And this is important because we know that going through divorce has negative emotional and financial consequences.  A survey from Good Housekeeping and SupportPay found that the majority of those in the midst of divorce have lower productivity, higher absenteeism, decrease in job performance, and decline in health and financial well-being.

Once the divorce is finalized, the Facilitator’s job is completed.  Their limited role in helping you and your spouse get through one of the most challenging times of your lives is priceless.

Divorce Via the Collaborative Process

Traditional divorce is, by design, adversarial.  It follows the traditional view of litigation that the best way to find the truth is for parties to have their lawyers make arguments in front of someone who will judge those arguments and determine whose truth is correct.  Even in mediation, spouses refer to each other as “opposing parties” and lawyers refer to each other as “opposing counsel.”  And, so, in traditional divorce, oftentimes scorched earth is encouraged and any settlement reached is made on a zero-sum paradigm.

Collaborative Divorce is different.  It is a simple concept that families don’t belong in court.  You and your spouse have separate lawyers to give you each independent legal advice, but Collaborative Lawyers don’t fight in court.  They are focused solely on helping you and your spouse reach a resolution best for your family.  This means that no time, energy, or money goes towards costly motion practice, destructive depositions, or endless opposition research.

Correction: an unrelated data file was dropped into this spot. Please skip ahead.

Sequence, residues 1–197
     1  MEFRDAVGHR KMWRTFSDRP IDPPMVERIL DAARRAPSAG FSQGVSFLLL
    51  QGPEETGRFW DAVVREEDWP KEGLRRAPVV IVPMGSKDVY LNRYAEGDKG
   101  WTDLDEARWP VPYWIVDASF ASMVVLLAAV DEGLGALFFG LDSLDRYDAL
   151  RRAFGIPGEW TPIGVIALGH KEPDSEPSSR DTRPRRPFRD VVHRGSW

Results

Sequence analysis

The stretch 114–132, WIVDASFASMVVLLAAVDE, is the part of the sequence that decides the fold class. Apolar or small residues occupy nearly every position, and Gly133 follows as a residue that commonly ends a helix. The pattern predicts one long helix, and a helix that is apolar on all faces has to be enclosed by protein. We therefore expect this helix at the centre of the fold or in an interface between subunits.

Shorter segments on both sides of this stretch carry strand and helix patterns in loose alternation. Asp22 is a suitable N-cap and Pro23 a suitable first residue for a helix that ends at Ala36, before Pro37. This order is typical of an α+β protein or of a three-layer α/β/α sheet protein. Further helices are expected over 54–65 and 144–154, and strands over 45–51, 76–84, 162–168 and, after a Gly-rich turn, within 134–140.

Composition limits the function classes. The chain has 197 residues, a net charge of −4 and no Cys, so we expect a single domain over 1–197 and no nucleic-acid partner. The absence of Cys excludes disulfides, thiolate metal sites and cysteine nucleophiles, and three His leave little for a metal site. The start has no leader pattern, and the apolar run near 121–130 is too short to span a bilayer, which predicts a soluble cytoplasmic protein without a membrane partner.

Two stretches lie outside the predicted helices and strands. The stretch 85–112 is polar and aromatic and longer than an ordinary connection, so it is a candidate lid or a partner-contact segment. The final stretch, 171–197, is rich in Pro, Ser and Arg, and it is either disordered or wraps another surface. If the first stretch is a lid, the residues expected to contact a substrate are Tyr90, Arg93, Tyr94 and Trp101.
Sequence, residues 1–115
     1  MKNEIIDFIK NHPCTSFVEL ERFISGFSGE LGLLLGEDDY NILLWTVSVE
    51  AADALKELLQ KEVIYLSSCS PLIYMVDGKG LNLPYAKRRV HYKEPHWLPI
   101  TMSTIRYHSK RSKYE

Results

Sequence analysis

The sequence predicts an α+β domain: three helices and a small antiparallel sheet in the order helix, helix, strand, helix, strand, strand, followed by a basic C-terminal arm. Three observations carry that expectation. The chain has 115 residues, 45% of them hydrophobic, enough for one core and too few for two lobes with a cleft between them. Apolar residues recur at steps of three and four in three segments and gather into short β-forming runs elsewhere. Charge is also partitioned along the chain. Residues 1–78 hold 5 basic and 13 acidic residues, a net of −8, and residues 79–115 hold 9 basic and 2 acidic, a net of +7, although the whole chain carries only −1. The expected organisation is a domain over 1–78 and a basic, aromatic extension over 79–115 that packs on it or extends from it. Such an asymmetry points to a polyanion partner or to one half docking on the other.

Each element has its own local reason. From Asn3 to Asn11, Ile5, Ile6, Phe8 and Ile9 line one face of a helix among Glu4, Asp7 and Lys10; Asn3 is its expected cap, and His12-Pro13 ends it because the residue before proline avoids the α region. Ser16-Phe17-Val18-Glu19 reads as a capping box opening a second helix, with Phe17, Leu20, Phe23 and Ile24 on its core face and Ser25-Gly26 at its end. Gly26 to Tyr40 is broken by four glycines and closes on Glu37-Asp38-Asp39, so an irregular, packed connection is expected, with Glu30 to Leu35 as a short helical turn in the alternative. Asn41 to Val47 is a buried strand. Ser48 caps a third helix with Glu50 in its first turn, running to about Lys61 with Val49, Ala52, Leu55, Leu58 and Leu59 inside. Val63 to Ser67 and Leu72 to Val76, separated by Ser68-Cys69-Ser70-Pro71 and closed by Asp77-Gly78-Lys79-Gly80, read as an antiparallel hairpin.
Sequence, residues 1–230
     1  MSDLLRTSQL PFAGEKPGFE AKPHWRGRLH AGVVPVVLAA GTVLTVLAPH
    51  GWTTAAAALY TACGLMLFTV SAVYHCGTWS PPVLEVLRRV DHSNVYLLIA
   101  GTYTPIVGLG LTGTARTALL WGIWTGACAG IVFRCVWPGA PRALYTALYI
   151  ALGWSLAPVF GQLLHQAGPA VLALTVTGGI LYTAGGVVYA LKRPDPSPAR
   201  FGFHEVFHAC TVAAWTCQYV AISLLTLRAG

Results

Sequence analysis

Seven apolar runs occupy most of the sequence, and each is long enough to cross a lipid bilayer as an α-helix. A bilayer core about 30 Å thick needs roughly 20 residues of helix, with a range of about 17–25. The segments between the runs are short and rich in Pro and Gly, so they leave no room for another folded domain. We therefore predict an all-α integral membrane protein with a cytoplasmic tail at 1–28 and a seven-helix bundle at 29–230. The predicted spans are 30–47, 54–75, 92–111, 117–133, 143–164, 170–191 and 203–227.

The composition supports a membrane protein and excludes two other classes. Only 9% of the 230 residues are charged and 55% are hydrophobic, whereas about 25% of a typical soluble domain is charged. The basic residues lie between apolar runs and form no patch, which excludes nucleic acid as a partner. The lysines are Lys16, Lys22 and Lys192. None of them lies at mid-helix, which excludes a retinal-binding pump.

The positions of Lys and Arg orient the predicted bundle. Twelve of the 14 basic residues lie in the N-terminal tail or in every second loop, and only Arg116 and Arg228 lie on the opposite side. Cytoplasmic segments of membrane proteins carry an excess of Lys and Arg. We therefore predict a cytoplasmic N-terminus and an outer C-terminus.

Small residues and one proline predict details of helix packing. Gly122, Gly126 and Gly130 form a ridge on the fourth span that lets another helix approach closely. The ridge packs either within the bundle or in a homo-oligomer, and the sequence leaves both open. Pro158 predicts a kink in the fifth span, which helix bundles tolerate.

Each of your Collaborative Lawyers will help you and your spouse focus on what is important to your family, for example preserving financial security, co-parenting for your children, and protecting your reputation and legacy.  All discussions are had privately rather than in public courtrooms.  Once an agreement is reached, we can get a judge to grant the divorce while minimizing the amount of information that goes in the court file.

In the Collaborative Process, you, your spouse, both of your lawyers, the Neutral Financial Professional, and the Facilitator work together as a team to get your family through the divorce.  This holistic approach gives you the best chance of ending up on the other side of the divorce with your dignity and wealth preserved.


Divorce is expensive.  But how you choose to go through divorce will have a great impact on your ability to preserve your wealth after your marriage is dissolved.  If you are in Florida and contemplating divorce, or if you are already in the midst of divorce and are looking for another way, we invite you to contact us.  We represent clients throughout the state and have offices in Tampa, Saint Petersburg, and Sarasota.

Adam B. Cordover is one of the most experienced Collaborative Lawyers in Florida.  He trains lawyers, mental health professionals, and financial professionals how to offer Collaborative services.  He is a member of the Board of the International Academy of Collaborative Professionals and is a recipient of the inaugural Visionary Award of the Florida Academy of Collaborative Professionals for founding and co-instructing the FACP Leadership Institute.